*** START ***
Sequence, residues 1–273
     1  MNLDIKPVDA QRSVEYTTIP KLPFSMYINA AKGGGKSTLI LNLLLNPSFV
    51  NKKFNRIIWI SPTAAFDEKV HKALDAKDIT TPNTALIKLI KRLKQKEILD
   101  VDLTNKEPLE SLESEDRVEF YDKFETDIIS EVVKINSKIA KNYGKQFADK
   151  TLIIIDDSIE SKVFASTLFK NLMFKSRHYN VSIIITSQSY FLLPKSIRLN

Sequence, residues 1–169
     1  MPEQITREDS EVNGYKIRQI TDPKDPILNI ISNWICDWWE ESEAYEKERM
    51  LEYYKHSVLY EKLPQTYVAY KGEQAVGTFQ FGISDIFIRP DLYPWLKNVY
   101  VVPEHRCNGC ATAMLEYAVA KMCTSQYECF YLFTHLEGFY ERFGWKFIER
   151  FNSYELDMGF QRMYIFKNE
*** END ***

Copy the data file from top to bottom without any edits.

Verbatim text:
Sequence, residues 1–273
     1  MNLDIKPVDA QRSVEYTTIP KLPFSMYINA AKGGGKSTLI LNLLLNPSFV
    51  NKKFNRIIWI SPTAAFDEKV HKALDAKDIT TPNTALIKLI KRLKQKEILD
   101  VDLTNKEPLE SLESEDRVEF YDKFETDIIS EVVKINSKIA KNYGKQFADK
   151  TLIIIDDSIE SKVFASTLFK NLMFKSRHYN VSIIITSQSY FLLPKSIRLN

Sequence, residues 1–169
     1  MPEQITREDS EVNGYKIRQI TDPKDPILNI ISNWICDWWE ESEAYEKERM
    51  LEYYKHSVLY EKLPQTYVAY KGEQAVGTFQ FGISDIFIRP DLYPWLKNVY
   101  VVPEHRCNGC ATAMLEYAVA KMCTSQYECF YLFTHLEGFY ERFGWKFIER
   151  FNSYELDMGF QRMYIFKNE